dreams of a better life and eternal freedom. They climb into the furnace, and sure
enough, they are melted together with the rest of the United States citizens, but after
time they are filtered out of the mixture and removed completely. They arent desirable
in American culture.
NB: Finally, you discussed how the deportation system has changed throughout U.S.
history with the desires of American citizens. Why do you believe that these different
groups are targeted for deportation at different points in history? How can this change?
DK: What it all comes down to is fear, plain and simple. I talked in my book a little bit
about the governments historical frustration over well-known criminals such as Lucky
Luciano who, it just so happens, was a racial minority. The public was taught to fear
these criminals, and along with the fear of their crimes came the fear of others that
shared their race. More modernly, you have international criminals like Osama Bin
Laden, who committed heinous atrocities against the people of the United States. He,

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and others from the Al-Qaeda terrorist group stemmed the fear of Arab and Muslim
Americans, who became the next target for deportation. However, crime isnt the only
fear that causes immigrants to become targets of deportation. The most well-known
example, and the most recent targets for deportation are hispanic immigrants. The fear
in this case is that hispanics immigrating to the United States will take up a large chunk
of the workforce and wont contribute equally to society. The biggest flaw to this whole
idea is all of the Americans currently living off of welfare, food stamps, and
unemployment, who are completely fine with not working and still receiving money from
the government. Hispanic immigrants, whether they entered the country legally or
illegally, are already a huge contribution to society. There are around 25 million
immigrant workers in the United States workforce today. Nearly 13 million of those
immigrants are hispanic immigrants in the American workforce. Thats over eight
percent of the total American workforce, immigrant and U.S.-born combined. 7 million of
those 25 million immigrant workers are in the United States illegally, but are still
providing goods and services to the American public. If that doesnt scream contribution,
I dont know what does. Another example of fear influencing the desires of United States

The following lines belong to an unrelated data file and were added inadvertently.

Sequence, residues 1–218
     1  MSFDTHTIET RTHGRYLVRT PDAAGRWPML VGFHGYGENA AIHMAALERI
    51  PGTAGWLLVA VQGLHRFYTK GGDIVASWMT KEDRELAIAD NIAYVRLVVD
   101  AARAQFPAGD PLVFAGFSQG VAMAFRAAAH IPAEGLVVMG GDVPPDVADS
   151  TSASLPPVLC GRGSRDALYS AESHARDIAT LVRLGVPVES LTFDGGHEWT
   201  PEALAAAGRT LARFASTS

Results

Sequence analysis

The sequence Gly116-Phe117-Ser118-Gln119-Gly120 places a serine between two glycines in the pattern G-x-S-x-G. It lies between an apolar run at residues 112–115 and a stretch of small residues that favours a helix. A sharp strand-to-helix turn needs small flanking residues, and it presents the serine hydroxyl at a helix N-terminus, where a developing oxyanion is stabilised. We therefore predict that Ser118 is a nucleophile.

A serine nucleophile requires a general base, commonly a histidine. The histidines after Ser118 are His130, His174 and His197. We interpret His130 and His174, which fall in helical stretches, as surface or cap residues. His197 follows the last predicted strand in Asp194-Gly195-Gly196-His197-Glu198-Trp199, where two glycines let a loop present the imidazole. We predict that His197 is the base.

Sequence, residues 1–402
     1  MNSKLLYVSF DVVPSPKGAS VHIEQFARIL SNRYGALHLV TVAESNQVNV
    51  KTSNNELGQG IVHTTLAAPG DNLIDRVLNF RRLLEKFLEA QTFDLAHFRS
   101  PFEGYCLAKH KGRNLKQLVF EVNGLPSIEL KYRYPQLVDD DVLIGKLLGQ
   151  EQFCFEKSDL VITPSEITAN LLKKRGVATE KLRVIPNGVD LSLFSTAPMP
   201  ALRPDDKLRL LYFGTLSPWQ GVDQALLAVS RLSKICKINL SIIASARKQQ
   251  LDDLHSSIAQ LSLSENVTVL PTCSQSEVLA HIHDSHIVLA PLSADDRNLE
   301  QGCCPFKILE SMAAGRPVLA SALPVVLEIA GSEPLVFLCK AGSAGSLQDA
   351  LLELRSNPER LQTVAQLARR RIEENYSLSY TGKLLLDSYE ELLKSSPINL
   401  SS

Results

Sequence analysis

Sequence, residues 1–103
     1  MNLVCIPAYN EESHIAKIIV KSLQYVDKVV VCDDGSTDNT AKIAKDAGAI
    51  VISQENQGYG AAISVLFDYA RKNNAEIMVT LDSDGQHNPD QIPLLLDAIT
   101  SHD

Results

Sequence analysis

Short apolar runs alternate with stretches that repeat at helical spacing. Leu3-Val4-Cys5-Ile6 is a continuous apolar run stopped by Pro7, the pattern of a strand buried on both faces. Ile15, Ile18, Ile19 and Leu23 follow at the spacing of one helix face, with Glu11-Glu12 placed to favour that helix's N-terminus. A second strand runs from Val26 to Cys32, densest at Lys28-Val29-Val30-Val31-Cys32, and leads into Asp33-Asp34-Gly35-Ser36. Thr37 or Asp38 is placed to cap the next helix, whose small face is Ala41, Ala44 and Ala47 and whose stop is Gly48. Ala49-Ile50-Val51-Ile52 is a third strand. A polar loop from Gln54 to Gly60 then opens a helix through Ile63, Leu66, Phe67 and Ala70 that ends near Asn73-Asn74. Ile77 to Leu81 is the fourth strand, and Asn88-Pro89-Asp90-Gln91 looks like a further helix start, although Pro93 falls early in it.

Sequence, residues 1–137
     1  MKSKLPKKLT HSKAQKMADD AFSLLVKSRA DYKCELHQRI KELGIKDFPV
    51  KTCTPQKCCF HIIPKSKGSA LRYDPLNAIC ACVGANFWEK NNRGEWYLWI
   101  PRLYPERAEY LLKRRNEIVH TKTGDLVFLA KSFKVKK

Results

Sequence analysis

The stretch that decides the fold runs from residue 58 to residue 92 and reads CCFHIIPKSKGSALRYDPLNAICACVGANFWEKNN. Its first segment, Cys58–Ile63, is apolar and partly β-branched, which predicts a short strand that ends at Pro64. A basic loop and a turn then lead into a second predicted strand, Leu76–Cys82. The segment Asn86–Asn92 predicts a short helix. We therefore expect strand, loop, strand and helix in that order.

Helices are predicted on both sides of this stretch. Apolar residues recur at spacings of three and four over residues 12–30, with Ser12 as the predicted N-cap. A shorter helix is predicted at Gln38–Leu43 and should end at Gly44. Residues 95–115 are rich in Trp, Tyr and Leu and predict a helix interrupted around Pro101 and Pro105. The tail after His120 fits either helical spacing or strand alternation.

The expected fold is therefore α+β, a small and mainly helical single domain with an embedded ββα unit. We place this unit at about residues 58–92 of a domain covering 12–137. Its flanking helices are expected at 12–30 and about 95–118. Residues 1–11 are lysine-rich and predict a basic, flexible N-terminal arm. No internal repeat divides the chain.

citizens is what happened to the Japanese during World War II. At the start of the United
States involvement in World War II, President Roosevelt issued Executive Order 9066,
which authorized the deportation and incarceration of any and all people. Well, nearly
all of those people just so happened to be Japanese immigrants along the West Coast
of the United States. Some of them included U.S.-born Japanese-Americans. Those
that werent deported entirely were placed in internment camps up and down the West
Coast. All of this stemmed from the fear that any Japanese-American citizen or

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immigrant could be involved in another Pearl Harbor-esque attack on U.S. soil. A more
recent example of this was in 2002, shortly after the September 11th attacks in 2001,
when 700 Middle Eastern men were detained in Los Angeles and forced to be
photographed, fingerprinted, and questioned by the Immigration and Naturalization
Service. Most of those men were released, but information about those not released
was never disclosed. This parallels the fears expressed after the Pearl Harbor attack.
Non-citizens, and sometimes even citizens, are deported or detained indefinitely if they
fall outside of what Americans see as normal. In regards to changing the flow of
history and getting rid of this fear, what people need to realize is that the actions and
ideals of the few dont always reflect those of the many. We are so quick to cast out
those that have different ideas or those that act differently than us, and we are even
quicker to cast out those that act against us. If America wants to uphold the melting
pot standard that it holds so dearly, we need to understand that different ideas, different
cultures, and especially different skin colors are going to be thrown into the mix.
NB: Well, Mr. Kanstroom, its been a pleasure speaking with you. Youve provided some
great insight into the issues we are currently facing with the United States deportation
system. Thanks again for joining me today!